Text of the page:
13. It is the judgment of the Special Rapporteur that the use of administrative detention, other than in rare circumstances where a demonstration of extraordinary and imminent security justification supported by evidence is made before a judge in conference with the lawyer of the defendant, who is given an opportunity to contest evidence and charges, constitutes a violation of the rights of a protected person under international law. Several provisions of the Fourth Geneva Convention make unlawful the arrest and detention procedures relied upon by Israel in its treatment of Ms. Shalabi. Article 3, paragraph 1, contains the general directive that all persons held by an occupying authority "shall in all circumstances be treated humanely", which is elaborated upon in article 27 in a manner relevant to Ms. Shalabi’s treatment: "Protected persons are entitled, in all circumstances, to respect for their persons, their honour, their family rights, their religious convictions and practices, and their manners and customs. They shall at all times be humanely treated, and shall be protected especially against all acts of violence or threats thereof and against insults and public curiosity." Further, articles 71 to 73 indicate that any kind of prison sentence must be pronounced by a "competent" court in which the person accused has access to the evidence against them and the opportunity to present evidence with the assistance of legal counsel. Articles 7, 9, and 10 of the International Covenant on Civil and Political Rights are clear in their prohibition of "inhuman and degrading treatment" and of "arbitrary detention" as well of the rights of anyone accused of criminal conduct to have an opportunity to mount a defense in a competent court. For instance, article 9, paragraph 2 declares: "Anyone who is arrested shall be informed, at the time of arrest, of the reasons for his arrest and shall be promptly informed of the charges against him."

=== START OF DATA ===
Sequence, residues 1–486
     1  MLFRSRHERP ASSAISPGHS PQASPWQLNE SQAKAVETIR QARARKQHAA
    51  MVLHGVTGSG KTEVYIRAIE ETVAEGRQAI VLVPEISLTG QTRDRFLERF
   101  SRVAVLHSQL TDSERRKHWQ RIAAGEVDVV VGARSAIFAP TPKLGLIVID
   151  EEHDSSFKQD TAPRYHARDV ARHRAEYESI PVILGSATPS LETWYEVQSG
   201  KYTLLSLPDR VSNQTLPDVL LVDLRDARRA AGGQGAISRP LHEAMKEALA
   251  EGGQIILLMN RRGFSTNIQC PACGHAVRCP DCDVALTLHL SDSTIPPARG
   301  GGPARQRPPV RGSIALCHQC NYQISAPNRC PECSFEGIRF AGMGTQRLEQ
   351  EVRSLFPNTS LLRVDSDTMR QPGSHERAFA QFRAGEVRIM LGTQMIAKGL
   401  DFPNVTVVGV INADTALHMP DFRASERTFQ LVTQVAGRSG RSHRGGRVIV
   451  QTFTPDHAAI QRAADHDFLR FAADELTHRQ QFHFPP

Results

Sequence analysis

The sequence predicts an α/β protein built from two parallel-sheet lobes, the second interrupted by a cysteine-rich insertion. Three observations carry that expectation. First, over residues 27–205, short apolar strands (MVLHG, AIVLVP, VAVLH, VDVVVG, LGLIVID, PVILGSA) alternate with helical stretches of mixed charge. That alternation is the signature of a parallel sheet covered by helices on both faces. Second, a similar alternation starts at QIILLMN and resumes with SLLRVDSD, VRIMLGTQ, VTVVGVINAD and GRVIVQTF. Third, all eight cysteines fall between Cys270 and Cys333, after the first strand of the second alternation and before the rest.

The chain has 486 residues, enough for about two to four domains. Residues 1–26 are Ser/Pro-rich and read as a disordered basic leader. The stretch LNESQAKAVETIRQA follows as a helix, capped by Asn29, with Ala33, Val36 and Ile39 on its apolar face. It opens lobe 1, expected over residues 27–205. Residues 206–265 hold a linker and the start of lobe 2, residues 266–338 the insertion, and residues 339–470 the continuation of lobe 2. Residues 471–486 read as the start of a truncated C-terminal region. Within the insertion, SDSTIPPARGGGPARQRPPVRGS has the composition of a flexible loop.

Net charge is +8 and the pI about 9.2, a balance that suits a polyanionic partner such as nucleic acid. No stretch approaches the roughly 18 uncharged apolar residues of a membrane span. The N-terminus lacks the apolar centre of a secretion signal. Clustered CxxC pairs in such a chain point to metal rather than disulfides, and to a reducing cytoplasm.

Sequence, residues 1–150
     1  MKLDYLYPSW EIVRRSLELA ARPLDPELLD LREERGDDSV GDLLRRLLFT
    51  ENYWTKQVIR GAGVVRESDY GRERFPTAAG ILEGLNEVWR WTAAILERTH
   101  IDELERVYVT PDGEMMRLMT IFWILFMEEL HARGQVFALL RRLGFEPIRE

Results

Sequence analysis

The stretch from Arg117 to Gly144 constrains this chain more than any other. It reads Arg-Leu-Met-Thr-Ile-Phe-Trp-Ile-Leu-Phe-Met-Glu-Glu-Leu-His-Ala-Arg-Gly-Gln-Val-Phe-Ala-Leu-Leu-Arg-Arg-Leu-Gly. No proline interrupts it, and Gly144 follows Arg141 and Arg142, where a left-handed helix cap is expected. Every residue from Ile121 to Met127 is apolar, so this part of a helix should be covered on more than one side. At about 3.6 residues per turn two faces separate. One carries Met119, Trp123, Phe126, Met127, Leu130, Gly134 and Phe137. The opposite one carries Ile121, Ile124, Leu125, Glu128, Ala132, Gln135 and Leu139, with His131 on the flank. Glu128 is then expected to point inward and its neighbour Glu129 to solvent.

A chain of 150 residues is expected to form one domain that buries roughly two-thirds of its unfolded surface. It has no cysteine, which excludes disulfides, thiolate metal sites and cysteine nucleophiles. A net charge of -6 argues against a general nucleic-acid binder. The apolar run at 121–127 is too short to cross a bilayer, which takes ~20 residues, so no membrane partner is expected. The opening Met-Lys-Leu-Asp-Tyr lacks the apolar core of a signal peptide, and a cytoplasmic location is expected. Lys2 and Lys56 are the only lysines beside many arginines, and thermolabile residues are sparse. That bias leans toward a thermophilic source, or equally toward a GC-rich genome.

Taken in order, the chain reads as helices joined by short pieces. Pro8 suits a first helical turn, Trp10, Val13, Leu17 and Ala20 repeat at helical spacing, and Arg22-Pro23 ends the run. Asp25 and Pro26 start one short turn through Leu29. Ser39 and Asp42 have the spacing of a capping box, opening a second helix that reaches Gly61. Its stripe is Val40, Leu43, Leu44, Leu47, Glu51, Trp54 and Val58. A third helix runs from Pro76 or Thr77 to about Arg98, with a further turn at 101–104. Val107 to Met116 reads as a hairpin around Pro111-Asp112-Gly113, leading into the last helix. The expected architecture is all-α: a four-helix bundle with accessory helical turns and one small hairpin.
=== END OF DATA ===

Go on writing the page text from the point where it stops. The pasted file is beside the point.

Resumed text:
14. It is time, in the judgment of the Special Rapporteur, that the Human Rights Council initiate specific action to condemn the reliance on administrative detention in relation to Palestinian civilians living under prolonged occupation. After 45 years, it is no longer credible to contend that the special security considerations that gave rise to the administrative detention law during the period of British Mandate control of Palestine still should allow military administrators to routinely order administrative detention, often for years. Under these circumstances it would be appropriate for the Council to act on its concerns regarding reliance by Israel upon administrative detention, and possibly its broader concerns regarding Israeli occupation policies, by commissioning a study of the practice of administrative detention in relation to the obligations of an occupying power towards an occupied people. The current series of ongoing hunger strikes, which may well represent only the beginning of a broader trend, are shining a bright light on the malpractice of administrative detention, and more generally on Israeli prison conditions, challenging the United Nations to take action. It should be noted that the practice of administrative detention is now also in use by a number of other Governments in the context of "anti-terrorism" policies; some of those Governments appear to be relying on the Israeli model, thus raising the violations of international law and human rights inherent in administrative detention to the level of an international, not only Israeli, concern.5